Many incidents in recent American politics appear bizarre when analyzed as policy discussions, but become meaningful political acts if interpreted as efforts in brand management. In particular, viewing voter behavior as a form consumer culture provides some explanation for the popular support enjoyed by the Republican party.
Khristie’s sustenance of racism hurts not only themselves and the Tiffanys of the world, but also rolls the clock back and provides an incubator for white supremacy that stunts the growth of all communities—more specifically communities of color, the same supportive communities that will “stick with her” through thick and thin.
While many historians have studied the colonial implications of the medically-theorized relationship between tropical diseases, climate, and racialized bodies, Urmi Engineer Willoughby adds a new dimension to this familiar tale: the vital importance of sugar cane cultivation to the epidemiological history of yellow fever.
Several years ago, during a tenure-track search, I asked two questions – two questions which I ask of every scholar applying for a position with our institution. The first is innocent enough: “How important is racial/ethnic diversity in your scholarship and teaching?” Not surprisingly, all enthusiastically answer in the affirmative. Then I ask my second question: “Which scholars and/or books from racial and ethnic minorities do you include on your syllabus and why?” Here is when the squirming begins, revealing the candidate’s lack of academic rigor.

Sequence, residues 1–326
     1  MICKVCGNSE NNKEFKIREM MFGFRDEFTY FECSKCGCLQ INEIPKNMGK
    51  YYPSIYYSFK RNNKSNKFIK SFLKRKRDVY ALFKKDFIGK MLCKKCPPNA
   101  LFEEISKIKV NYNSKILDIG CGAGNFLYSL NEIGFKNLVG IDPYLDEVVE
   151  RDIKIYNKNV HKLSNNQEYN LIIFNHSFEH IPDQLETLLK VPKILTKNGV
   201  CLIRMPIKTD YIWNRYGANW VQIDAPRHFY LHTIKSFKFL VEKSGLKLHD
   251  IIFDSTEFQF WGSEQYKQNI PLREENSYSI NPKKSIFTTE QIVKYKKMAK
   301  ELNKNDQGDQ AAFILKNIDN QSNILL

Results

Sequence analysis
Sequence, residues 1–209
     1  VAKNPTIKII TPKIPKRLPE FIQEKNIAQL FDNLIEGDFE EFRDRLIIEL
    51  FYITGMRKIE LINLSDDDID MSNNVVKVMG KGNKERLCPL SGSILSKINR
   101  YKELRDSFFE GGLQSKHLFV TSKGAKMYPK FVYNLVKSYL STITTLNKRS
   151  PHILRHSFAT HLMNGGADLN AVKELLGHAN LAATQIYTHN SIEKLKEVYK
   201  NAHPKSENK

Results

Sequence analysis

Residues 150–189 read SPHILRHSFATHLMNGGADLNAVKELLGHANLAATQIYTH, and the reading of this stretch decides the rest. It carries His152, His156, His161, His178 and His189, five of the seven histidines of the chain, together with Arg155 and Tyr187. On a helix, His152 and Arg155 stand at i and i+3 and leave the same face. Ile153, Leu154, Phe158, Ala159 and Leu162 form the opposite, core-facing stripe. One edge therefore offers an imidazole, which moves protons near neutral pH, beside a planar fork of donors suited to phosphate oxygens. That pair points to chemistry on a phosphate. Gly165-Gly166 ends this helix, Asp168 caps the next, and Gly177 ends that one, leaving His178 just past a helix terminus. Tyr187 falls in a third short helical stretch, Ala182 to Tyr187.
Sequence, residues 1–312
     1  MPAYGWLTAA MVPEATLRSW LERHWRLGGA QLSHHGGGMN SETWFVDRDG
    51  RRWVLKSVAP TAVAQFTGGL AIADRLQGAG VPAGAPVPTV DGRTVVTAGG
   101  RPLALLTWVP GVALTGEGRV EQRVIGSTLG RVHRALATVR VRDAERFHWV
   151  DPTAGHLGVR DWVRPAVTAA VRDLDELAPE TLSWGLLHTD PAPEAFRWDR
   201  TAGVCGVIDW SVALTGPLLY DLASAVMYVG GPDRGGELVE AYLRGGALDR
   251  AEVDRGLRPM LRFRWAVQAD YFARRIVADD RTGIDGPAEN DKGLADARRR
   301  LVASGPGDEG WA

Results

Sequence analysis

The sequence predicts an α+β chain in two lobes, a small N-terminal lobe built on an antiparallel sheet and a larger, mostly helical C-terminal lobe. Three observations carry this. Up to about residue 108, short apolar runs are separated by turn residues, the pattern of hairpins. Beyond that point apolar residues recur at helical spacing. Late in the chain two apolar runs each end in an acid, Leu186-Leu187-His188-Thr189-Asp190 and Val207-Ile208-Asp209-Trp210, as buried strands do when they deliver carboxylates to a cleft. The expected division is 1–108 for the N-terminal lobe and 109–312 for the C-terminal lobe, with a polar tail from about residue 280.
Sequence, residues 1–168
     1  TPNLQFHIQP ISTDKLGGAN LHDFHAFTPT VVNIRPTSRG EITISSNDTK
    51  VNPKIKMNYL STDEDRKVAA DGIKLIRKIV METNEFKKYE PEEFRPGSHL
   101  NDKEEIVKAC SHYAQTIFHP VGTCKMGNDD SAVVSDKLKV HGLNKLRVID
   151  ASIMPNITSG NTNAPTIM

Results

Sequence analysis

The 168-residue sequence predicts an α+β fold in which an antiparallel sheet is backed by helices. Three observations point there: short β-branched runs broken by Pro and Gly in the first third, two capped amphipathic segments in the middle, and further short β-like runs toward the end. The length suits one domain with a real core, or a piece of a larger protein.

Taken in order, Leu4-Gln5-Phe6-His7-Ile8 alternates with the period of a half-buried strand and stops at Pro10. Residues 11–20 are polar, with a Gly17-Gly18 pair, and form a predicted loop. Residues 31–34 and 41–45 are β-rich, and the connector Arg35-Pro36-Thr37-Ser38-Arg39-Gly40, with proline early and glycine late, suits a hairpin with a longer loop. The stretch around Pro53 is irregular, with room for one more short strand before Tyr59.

I’m becoming. I’m becoming authentic. I’m becoming solid in the fact that I am good at my job, that I deserve to be in front of these students each day, just as much as any white, cishet male counterparts with degrees from way up North. I’m becoming solid in the understanding that by accepting my own identities (and the privileges and oppressions that come with them) I can clear space for my students to do the same.